There is no free.

We saw “The Social Network” this weekend. It was very fine, even if it did give the idea that all the women at Harvard — and Stanford, for that matter — exist mainly to simmer, occasionally leaping to a boil during frenzied bouts of speed-sex in restaurant bathroom stalls. But that’s a quibble. On the whole, very fine, a movie about a modern business with a theme as old as humanity itself, i.e., what is the nature of human connection?

And while I understand that the film is not entirely factual, I can’t even get too upset about whatever wrong ideas people take away from it, about the company or its founder, Mark Zuckerberg. I’ve been wondering what it takes to bug an internet company. Have you ever had a complaint with one? Facebook, Google, one of those? Have you ever tried to get a human being on the phone? Hell, have you ever tried to find a phone number? I guess now we know what it takes — make an expensive movie about them. How comforting.

But because all y’all are smarter than I am, can someone out there with some business experience explain the business model of Facebook? Because while I don’t doubt that Zuckerberg is a billionaire, I don’t understand how. Where is Facebook’s cash flow? I don’t pay for Facebook. I don’t see anything more than a rare ad or sponsored link, all for crap like acai-berry weight-loss solutions and so forth. So what, exactly, makes this company worth so much? Where does the money come from?

I am a business moron, but the Wall Street Journal’s reporting on the dark side of the internet economy has been enormously helpful in answering this simple question, which I suspect is this: Nothing is free, and your payment is your information:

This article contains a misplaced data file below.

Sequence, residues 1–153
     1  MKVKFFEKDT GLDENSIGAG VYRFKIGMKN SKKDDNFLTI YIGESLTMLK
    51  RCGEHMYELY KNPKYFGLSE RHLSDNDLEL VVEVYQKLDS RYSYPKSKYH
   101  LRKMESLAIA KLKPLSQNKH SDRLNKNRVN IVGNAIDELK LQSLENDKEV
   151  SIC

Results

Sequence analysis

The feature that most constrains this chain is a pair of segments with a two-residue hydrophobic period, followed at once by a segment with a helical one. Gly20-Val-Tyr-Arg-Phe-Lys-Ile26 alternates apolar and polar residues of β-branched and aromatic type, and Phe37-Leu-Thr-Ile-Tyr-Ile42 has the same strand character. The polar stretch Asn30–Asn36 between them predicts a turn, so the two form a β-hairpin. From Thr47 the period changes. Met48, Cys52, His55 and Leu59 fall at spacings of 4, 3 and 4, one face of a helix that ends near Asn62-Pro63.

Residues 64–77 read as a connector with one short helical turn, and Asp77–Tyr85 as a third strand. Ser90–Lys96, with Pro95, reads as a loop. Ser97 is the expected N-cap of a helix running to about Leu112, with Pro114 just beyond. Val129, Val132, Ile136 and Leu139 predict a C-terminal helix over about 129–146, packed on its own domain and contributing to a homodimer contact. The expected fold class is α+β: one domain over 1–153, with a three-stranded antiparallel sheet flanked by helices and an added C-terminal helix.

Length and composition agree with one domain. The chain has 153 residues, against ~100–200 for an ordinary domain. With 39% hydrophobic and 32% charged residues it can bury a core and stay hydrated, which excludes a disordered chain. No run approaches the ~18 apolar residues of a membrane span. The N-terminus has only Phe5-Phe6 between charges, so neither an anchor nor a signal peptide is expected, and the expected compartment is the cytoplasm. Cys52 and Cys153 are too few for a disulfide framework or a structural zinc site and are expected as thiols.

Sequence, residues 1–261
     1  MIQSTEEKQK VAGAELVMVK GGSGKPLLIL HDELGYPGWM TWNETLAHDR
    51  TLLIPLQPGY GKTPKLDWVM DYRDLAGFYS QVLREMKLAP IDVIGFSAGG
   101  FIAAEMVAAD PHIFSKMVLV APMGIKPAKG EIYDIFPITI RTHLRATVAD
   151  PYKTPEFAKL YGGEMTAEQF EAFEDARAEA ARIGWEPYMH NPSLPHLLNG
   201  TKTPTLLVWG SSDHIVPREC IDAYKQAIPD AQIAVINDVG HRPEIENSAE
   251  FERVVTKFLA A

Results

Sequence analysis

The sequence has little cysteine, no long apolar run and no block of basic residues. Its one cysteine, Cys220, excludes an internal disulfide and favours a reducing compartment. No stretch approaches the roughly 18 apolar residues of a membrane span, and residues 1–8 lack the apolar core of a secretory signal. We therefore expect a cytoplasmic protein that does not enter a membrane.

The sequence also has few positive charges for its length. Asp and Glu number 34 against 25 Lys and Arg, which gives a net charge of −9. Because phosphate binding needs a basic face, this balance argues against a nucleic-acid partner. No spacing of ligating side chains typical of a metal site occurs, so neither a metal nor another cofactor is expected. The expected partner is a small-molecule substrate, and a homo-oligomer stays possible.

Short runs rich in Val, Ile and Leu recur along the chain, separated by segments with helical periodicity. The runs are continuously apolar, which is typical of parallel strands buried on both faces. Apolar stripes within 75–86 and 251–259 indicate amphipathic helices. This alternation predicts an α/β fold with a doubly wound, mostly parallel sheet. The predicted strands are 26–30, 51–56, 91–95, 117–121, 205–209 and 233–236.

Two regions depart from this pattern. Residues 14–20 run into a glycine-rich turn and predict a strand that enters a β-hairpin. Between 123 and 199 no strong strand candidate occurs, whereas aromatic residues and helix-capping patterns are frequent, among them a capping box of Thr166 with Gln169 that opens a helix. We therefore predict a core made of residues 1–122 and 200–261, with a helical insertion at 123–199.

Many of the most popular applications, or “apps,” on the social-networking site Facebook Inc. have been transmitting identifying information—in effect, providing access to people’s names and, in some cases, their friends’ names—to dozens of advertising and Internet tracking companies, a Wall Street Journal investigation has found.

The issue affects tens of millions of Facebook app users, including people who set their profiles to Facebook’s strictest privacy settings. The practice breaks Facebook’s rules, and renews questions about its ability to keep identifiable information about its users’ activities secure.

You know how every time you have to submit your e-mail, you get that cross-my-heart statement about how your e-mail information is secure? “We never sell your e-mail address,” etc.? I’ve come to think of this as one of those soul-brother handshakes jerkoffs liked to give you in the ’70s. We all cool? No, I don’t think so.

I really hope the WSJ wins a Pulitzer for this project. I don’t think most people have any idea how much of their information is out there, being bought and sold on the internet. Some of it is pretty disturbing. Ever hear of “web scraping?” No? Well, then:

At 1 a.m. on May 7, the website noticed suspicious activity on its “Mood” discussion board. There, people exchange highly personal stories about their emotional disorders, ranging from bipolar disease to a desire to cut themselves.